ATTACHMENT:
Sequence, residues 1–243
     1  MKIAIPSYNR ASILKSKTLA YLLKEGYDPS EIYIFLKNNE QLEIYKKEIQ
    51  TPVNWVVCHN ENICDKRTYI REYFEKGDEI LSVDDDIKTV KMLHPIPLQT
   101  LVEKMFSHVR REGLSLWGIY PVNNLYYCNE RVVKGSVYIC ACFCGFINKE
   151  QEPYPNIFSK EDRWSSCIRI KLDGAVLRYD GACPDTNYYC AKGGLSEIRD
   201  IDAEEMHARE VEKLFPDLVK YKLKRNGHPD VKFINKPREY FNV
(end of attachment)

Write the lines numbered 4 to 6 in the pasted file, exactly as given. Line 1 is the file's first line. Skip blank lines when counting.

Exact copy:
   101  LVEKMFSHVR REGLSLWGIY PVNNLYYCNE RVVKGSVYIC ACFCGFINKE
   151  QEPYPNIFSK EDRWSSCIRI KLDGAVLRYD GACPDTNYYC AKGGLSEIRD
   201  IDAEEMHARE VEKLFPDLVK YKLKRNGHPD VKFINKPREY FNV